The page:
[You can read Part 1 here. Stay tuned for part 3 (Equality for Flatbush and Crystal House)]
Imagine getting an email late one night in the dead of winter asking if you can come by the next morning and help make posters, etc. for a big march the next morning in Harlem.
Imagine living in Bushwick and having to decide if you want to get on the train to head ALL THE WAY up to Harlem and get there by 7 AM.
Imagine getting there and expecting to find AT LEAST 20 other people dedicated to “the work” who cared enough to fight the cold and a weekend train schedule only to find it’s you and maybe 5 more people — Especially considering the “front wo/men” for the group are number more than 5.
Imagine getting over your surprise that there is only 1 person there who knows what’s going on — that the table to assemble the posters is outside in the cold and wind — that there were was only one roll of duct tape to use between the hand full of people to assemble at least 50-60 posters for those who would show up to march in just a couple of hours.
I don’t need to imagine, because this is exactly what happened.
*Before some of you get all in your feelings cause I’m calling folks out, let me just say — Yes, I know there is a Black Code. Yes I know, many of the issues we deal with and how we deal with each other is because of them. I also know that many of the reasons we stay traumatized and ain’t got shit is because of the Black Code and accepting mediocre. As my grandfather would say, “We do not have the luxury of extra time or resources to be half-ass doing shit jut to have to do it again!” Lives are on the line people!
After realizing there was no plan, no contact people (just 1 main member from their group), not enough space to work, and only one roll of tape to share with others (which meant just standing there waiting for someone to finish), I knew it was going to be a very long, cold and frustrating morning — ESPECIALLY once the tape ran out (after only a few posters had been made).
Not being able to find anyone who had money to purchase more supplies (tape and scissors), I decided to try and find a store.
Now, I don’t know how familiar you are with Harlem, but trying to find a store open that had duct tape and scissors is damn near impossible! I eventually found a CVS that was open, bought the supplies and made the long walk back.
So finally with enough tape and scissors to go around, we figure out a system to quickly get the job done (being that so much time had been wasted).
As many of us sat on the floors (because it was too cold and windy outside) assembling stuff, their “front wo/men” started to trickle in. Most of us felt some relief as we figured they’d pitch in to help.
Walking right past us, the proceeded into the area where snack and coffee were.
Okay. I get it, it’s early and you’re hungry. See you in a minute?
They sat chatted, did their makeup, talked a bit about security, etc. snacked, and primped some more…
It was then I decided that I would not stay to march, that I did what I came to do, but some things I can not support — and watching this with my own eyes only confirmed some things one hears through “the work” gossip lines.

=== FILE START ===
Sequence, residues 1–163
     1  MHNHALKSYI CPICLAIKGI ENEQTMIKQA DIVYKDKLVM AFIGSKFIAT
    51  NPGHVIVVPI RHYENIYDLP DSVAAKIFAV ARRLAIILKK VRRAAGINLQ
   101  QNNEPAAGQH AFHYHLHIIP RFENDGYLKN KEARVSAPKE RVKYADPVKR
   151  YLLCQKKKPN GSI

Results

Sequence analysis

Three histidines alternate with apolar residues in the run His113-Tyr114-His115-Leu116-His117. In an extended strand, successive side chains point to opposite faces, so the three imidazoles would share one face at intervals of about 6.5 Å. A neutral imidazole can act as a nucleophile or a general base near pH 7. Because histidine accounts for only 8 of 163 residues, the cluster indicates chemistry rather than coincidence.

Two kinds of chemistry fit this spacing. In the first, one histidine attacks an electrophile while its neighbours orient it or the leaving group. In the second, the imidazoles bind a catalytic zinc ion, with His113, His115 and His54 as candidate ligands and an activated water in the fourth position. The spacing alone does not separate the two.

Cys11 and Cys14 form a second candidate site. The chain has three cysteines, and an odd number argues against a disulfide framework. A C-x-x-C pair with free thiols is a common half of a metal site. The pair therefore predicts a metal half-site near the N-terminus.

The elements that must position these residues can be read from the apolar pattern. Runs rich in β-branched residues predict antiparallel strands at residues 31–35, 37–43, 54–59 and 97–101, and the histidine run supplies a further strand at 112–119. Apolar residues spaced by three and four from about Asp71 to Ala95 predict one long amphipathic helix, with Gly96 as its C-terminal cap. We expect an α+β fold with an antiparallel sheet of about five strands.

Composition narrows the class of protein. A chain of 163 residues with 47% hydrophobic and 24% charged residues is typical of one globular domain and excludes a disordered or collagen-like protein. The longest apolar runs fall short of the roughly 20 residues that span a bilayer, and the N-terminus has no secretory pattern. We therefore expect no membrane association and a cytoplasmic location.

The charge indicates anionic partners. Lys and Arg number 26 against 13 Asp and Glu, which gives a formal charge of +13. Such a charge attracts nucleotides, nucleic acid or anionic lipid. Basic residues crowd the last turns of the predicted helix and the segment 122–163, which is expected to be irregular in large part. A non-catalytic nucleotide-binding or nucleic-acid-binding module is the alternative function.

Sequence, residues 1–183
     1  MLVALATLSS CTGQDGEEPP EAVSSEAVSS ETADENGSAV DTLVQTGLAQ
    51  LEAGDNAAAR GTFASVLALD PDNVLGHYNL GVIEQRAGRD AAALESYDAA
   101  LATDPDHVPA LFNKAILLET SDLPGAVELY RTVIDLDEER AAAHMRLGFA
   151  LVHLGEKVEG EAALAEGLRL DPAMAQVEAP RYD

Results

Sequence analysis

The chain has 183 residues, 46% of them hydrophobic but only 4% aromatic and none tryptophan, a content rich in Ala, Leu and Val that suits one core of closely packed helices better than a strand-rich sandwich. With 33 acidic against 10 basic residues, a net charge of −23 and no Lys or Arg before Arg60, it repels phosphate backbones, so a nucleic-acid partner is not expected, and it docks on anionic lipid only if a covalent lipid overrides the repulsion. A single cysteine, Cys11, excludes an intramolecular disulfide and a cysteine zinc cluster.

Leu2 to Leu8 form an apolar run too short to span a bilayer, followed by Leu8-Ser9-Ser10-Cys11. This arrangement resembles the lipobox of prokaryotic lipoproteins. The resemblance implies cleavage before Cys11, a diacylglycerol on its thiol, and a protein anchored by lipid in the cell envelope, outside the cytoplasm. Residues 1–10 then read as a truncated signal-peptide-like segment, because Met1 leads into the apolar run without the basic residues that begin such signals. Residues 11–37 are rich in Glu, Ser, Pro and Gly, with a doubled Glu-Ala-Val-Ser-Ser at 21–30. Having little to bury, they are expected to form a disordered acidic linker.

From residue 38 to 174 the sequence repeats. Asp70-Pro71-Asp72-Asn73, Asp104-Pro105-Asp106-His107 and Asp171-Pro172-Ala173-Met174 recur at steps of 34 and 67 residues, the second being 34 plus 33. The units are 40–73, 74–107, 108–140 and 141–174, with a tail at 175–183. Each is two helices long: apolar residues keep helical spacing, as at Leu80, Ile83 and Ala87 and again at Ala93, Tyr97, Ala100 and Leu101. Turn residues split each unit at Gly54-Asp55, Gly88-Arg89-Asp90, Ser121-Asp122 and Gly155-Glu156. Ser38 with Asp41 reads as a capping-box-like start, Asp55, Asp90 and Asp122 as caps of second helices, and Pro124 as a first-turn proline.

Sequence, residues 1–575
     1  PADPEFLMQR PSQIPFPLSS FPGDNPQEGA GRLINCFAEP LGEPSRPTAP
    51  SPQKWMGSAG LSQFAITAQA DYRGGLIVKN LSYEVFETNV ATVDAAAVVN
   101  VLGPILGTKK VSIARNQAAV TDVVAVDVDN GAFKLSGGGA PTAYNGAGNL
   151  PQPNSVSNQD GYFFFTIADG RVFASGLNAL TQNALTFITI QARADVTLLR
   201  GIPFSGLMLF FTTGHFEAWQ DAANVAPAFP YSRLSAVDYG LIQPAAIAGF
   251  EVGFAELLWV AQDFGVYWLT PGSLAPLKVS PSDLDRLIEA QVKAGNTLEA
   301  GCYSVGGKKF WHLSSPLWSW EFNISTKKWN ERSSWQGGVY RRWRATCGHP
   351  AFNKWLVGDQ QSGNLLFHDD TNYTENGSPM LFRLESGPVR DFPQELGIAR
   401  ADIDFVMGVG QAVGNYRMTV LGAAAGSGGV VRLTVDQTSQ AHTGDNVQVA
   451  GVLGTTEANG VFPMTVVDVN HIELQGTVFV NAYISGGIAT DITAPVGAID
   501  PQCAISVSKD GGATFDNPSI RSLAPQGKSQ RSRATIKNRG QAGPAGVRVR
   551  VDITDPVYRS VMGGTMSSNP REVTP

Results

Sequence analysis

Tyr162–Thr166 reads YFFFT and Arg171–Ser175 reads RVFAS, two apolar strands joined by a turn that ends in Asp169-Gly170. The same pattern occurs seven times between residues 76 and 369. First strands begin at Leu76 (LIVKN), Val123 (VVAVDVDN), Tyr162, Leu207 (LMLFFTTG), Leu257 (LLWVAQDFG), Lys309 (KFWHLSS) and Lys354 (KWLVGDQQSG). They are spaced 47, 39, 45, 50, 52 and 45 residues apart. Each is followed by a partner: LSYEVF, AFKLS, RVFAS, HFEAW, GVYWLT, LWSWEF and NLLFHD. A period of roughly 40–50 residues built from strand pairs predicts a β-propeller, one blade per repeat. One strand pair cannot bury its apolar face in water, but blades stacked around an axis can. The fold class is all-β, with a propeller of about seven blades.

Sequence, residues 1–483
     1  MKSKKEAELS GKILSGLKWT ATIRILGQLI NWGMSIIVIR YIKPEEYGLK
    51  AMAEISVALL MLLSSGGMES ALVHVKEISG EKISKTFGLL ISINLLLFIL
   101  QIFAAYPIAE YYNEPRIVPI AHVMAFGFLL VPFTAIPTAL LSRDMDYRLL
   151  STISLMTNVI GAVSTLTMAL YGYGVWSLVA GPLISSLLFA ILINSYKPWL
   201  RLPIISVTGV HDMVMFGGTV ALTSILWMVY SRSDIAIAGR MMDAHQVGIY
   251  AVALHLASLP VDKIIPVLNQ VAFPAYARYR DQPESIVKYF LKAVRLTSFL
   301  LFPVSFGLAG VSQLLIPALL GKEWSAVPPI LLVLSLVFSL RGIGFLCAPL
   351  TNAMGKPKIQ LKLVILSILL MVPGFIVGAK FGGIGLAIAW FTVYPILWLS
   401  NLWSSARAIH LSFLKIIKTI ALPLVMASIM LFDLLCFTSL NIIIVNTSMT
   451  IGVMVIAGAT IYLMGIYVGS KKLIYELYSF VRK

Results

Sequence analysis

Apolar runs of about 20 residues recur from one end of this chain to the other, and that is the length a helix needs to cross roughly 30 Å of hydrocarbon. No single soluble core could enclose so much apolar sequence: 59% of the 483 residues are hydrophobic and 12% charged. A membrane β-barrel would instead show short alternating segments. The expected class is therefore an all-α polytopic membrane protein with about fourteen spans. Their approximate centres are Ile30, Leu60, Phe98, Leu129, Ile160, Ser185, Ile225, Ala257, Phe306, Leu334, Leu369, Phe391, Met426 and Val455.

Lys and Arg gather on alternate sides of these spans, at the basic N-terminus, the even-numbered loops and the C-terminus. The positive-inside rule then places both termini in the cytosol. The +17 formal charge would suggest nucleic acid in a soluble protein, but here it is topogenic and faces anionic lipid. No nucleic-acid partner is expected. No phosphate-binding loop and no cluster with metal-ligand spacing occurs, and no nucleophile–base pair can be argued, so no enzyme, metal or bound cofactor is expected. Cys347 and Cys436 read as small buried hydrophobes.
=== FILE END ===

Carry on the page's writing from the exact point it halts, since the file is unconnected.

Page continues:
By the time we finished the last poster, etc. the media and people who came out to march started to show up.
I observed, took a few pics, chatted with a few people I’d not seen in awhile, thanked the 1 brother from their crew who showed up early and did the best he could, walked across, and took the long train ride back to Bushwick.
Later that day the tweets with the hashtags started to flood my timeline with tweets from the charismatic faces of that org (and a few others), and people marching. They talked about injustice, community, etc.
And the media and those retweeting ate it up.
The next day the brother who was there early with us, sent an email thanking those of us who showed up and asked if we would send any pictures we had.
I also promised myself that I would never forget the #LessonsLearned that weekend.
I did, and unfortunately I’ve more stories like this.
You will often hear these activists/organizers used a portion of an overused quote, “Strong people don’t need strong leaders.”
Oh, how charismatic (and original)!
If one really sits and thinks about that quote — not while it’s been yelled to you through a bullhorn when the energy is ripe with excitement, anger, etc. you’ll notice the many ways that quote has not only been misused but ways it’s problematic, especially when used by most of those who repeat it.
What makes a strong leader and who gave you/them the title?
Before jumping on any bandwagons, ask yourself, what matters to you in “leadership” and movement work.
Is it popularity, exposure, authenticity, integrity, etc.?
How much do you REALLY know about these people you go hard for (volunteering your money, time, platform…)?
Are we supporting the person, the community or the potential?
For me, it looks like my people. Rather silent but not afraid to get their hands dirty — Because there will be no Uber to transport you in/out of the revolution. There will be no Twitter/Facebook followers waiting around for one to decide on which would be the best Timbs to wear or shade of lipstick.
The revolution will only sustain with integrity, accountability and a solid foundation.
But that’s just me…
Cause some people (our own people) make a living off our trauma and killings not our healing.
Last but not least, for all who only show up to march, go volunteer. Those posters, etc. don’t make themselves!